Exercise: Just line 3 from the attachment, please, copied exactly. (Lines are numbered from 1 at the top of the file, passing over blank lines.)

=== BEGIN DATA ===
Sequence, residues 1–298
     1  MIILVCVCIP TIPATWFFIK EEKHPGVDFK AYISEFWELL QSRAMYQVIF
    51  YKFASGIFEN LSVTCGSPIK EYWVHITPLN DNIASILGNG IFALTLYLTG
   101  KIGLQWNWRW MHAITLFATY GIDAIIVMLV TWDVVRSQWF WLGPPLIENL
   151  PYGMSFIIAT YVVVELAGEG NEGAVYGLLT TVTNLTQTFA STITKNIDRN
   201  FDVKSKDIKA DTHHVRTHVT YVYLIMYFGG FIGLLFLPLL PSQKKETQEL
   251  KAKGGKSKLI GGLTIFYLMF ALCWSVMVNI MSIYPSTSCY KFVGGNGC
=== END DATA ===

    51  YKFASGIFEN LSVTCGSPIK EYWVHITPLN DNIASILGNG IFALTLYLTG